Icelanders have always known that their island is not only beautiful but also dangerous. Everything because of strange spirits that have not always wished people well. That means one thing – in this land you have to be constantly cautious…
Ladies and phantoms
Recently we’ve had in our minds one thing – we’ve been dreaming of the beginning of a true spring, actually two springs. Like every year not one, but two springs are waiting for us – Polish and Icelandic because we always arrive in Iceland in the late April. In the last days of craving for greenery and recalling the amazing views of idyllic lush Iceland, we started to look through the last year’s pictures. The photo review reminded us of the meeting with Garðar, a very nice farmer who we met while hitchhiking.
It was supposed to be our standard weekend. We wanted to go on a hike and camp in some sort of overwhelmingly beautiful place. We’d been in the car with Garðar for two hours already. When you compare him to a typical Viking’s descendant, he was quite unusual as there was no possible way to chat him through. He drove holding the stirring wheel with just one hand as he steadily stroked his long white beard with the other. In the meantime, he was indulging himself with a plenty of salty skull-shaped liquorice. Just a moment before we were to finish our ride, he asked us where exactly we were heading. When we showed the nearby meadow, where the starting point of our trail was, his face suddenly fell. It started to be awkwardly silent in the car, which was really odd, considering our previous funny chat.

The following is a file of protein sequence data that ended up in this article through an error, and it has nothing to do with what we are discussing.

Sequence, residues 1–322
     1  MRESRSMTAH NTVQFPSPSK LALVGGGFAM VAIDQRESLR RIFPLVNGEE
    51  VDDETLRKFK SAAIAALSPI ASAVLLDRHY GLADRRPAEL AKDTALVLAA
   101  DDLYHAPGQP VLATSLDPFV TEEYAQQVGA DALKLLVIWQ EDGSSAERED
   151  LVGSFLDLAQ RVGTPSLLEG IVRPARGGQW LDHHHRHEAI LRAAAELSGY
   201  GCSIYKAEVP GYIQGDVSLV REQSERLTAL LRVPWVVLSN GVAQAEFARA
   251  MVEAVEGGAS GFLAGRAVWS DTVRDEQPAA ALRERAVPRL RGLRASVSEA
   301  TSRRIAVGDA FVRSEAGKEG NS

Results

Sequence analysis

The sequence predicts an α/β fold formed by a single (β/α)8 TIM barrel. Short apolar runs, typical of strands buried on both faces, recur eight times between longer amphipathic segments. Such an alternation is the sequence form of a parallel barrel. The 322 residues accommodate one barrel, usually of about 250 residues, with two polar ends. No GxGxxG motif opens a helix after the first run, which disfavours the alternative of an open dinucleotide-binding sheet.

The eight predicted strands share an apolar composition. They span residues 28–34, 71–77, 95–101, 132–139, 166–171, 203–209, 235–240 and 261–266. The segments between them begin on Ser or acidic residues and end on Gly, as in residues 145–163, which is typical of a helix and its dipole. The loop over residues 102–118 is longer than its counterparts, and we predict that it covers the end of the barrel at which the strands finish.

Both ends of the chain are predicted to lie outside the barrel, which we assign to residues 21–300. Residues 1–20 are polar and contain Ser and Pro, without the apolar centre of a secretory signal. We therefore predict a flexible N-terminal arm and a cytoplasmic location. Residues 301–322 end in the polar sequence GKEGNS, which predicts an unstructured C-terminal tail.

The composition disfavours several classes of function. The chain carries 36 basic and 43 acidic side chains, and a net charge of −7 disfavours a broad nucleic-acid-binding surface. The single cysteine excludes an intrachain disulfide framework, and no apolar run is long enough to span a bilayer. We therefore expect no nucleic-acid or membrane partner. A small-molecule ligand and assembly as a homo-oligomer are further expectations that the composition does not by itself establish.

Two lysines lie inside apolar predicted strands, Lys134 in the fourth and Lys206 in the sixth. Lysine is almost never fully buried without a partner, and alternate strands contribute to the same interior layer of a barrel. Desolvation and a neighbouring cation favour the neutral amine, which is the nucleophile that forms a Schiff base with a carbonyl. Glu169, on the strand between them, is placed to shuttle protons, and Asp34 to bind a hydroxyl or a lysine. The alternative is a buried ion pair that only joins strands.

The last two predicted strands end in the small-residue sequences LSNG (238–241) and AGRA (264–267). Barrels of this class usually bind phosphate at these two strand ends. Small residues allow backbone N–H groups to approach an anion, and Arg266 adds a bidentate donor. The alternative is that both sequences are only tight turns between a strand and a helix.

— Garðar, is… everything all right?
— Yup, why?
— You look as if you had seen a ghost.
— Guys, maybe you’re gonna see it too.
We looked at each other with Adam a little bit confused.
— Damn it, I’ll tell you. Everyone knows that a phantom lives here! When she wants, she can make you see double, she splits into two. Silly hag!
It turned out that for generations people have been telling intriguing stories about that inconspicuous meadow. What’s more, this area belongs to the so-called álagablettir.
Don’t you dare!
The mysterious word álagablettir means an enchanted place where strange and unidentified powers lurk. These regions are often characterised by superior beauty, lushness and fertility. Despite their excellent conditions for cultivation, no one and under no circumstances can intervene in their structure. If some imprudent farmer forgot about that and for example without any pardon ploughed some plot, many unpleasant things could have happened to him. Although people were aware of all the dangers that lurked for them, sometimes they just dared to trespass the territory of álagablettir.
That’s because the sneaky phantoms have constantly been ready to test their magical skills and they have made every effort to allure wanderers. And the daredevils were severely punished. For example, all, who stole a sizeable portion of berries from enchanted places, lost sensation in their hands after a moment. The worst part of it was that they might remain stiff to the end of their lives. Often people were so scared of these areas, that when the term álagablettir had to be said, it was never said loudly, but whispered. No wonder, it is better not to provoke the ominous spirits…
Fortunately, our idyllic weekend was not spoiled by the wicked ghosts. In any case, if you want to pick some delicious berries in Iceland, think twice 😉